This week’s This American Life comes to us from 2009. The episode is a recording of a live show that, six years ago, was performed onstage in New York and beamed to 430 movie theaters across the country.
Why review an episode that has, by any mark, already achieved exceptional success? More than 50,000 people saw the episode in theaters. Entertainment and business journalists have noted Ira Glass’s canny expansion of This American Life’s already-enviable brand–an expansion in which live events have played a major role. And the audience, audible on the recording, laughed all the way through.
The audience’s snorts and cheers are just one reminder of the episode’s provenance as a live show. We also hear (but do not see) clips from Joss Whedon’s Dr. Horrible’s Sing-Along Blog—an inclusion that requires Ira Glass to interject at one point, “Everybody listening on the radio, he’s holding up a baggie of brown liquid.” But by then, the joke is already lost.
No media buff could listen to this broadcast without admiring Glass’s boldness in disseminating his show through three forms of media: live theatre, cinema, and radio. The episode doesn’t work equally well in each location. Material that was buoyed by energy and visuals of the live taping comes across as thin once stripped to audio only.
This episode makes apparent the special difficulties involved in translating a long-form radio journalism format into a live show (and then translating that same episode back into radio). And in their attempt to bring This American Life onstage, Glass and his producers fall into some patterns that I think the show should avoid—not just in order to preserve its distinctive appeal, but also because of the outsized influence This American Life has on other podcasts.
The show opens with a story about an 18-year-old woman from Putnam County, Florida. After she’s convicted of shoplifting (she stole candy bars and milk), she receives an unusual sentence. She’s forced to walk back and forth in front of a Kangaroo Express, holding a sign that reads: “I stole from this store.”
A full episode could take wing from this start. The episode could probe the validity of public-shaming punishments, or investigate the psychological difficulty involved in re-encountering a place where you transgressed. It could discuss what we owe other people in society after we make mistakes. (Did the woman wrong just the store she stole from? Did she wrong all of society by breaking the law? Did she wrong herself?) All these possibilities would fall under the banner of “Return to the Scene of the Crime.”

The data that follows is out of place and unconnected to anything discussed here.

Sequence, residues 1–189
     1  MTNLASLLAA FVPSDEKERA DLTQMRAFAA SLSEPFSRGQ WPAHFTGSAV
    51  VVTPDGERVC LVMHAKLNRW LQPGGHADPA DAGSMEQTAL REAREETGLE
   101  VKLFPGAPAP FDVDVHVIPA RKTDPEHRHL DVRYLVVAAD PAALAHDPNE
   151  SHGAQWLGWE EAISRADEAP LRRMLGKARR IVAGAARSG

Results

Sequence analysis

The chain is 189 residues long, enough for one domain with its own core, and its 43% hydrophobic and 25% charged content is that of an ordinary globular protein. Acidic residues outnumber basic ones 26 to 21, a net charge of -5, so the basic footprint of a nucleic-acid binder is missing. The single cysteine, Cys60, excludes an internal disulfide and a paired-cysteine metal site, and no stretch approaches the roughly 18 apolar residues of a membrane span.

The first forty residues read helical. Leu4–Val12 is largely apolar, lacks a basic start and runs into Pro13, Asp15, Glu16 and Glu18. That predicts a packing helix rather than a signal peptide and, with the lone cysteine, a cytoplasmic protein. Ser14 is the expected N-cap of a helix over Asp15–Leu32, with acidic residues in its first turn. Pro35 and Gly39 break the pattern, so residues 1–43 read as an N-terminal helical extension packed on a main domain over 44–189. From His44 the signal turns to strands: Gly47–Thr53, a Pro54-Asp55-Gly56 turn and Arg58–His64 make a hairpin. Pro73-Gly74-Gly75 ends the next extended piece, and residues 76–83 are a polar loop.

But instead, the live show pivots to segments only peripherally related to the show’s stated theme. Mike Birbiglia (who you might recognize as Danny Pearson from Orange is the New Black) tells us about getting hit by a drunk driver—and then getting charged $12,000 for the other driver’s car repairs after a negligent cop finds him, not the drunk driver, at fault. He becomes obsessed with the case. He pores over the police report endlessly, tracks down the other driver online, and scribbles plans of attack on a napkin at dinner with his girlfriend. The other meaty segment features Dan Savage, who tells us about his urge to return to Catholicism after his mother’s death.
You can hear Savage’s voice quaver as he talks about his mother’s last moments in the hospital—a moving reminder of the story’s intensely personal nature, made still more emotionally powerful by our knowledge of how smooth and polished a speaker Savage is. And Birbiglia entertains with droll deadpan, reminding us that the stage is more often the province of stand-up comedy than long-form storytelling.
So what’s wrong?
The most successful This American Life episodes tell stories about ordinary people in extraordinary situations. Think about the parent and child in the midst of an impromptu school integration scheme outside Ferguson, or the Chicago family who docked a 25-foot-long boat in its driveway. All sorts of lives are possible in America, the show suggests in episode after episode.
This live show, by contrast, is not about “typical” people to whom atypical things happen. It’s about celebrities feeling the brush of the ordinary: a traffic accident in Birbiglia’s case, the death of a parent and a crisis of faith in Savage’s. Neither story has a full arc. Savage flirts with the idea of returning to the Catholic Church but almost immediately finds it politically unsavory. Birbiglia’s obsession with the traffic accident abruptly ends, and he pays the fine. Each story glides on the charisma and, yes, fame of the people recounting them. The live show’s reliance on celebrity rather than content, as well as its digressive approach toward the episode’s stated theme, is most apparent in the middle section, which features Joss Whedon singing about DVD commentaries.
Maybe Glass thought he needed celebrity heft to make the live show a success. And I don’t expect This American Life to follow the same formula—reported stories about relatively unknown people—for every episode. But what makes This American Life a staple is its commitment to well-plotted storytelling, careful meditations on a chosen theme (one theme per episode), and textured accounts of bizarre, quirky, or politically salient experiences that affect real people. The live show falls short on all three fronts.
Why is This American Life re-airing this episode? It would be hyperbolic, but not exactly untrue, to say that its glance backwards to 2009 is a return to the scene of one of its own crimes: seeking publicity and exposure rather than trusting in the quiet absorbing narratives that give This American Life its beloved place in American radio journalism.
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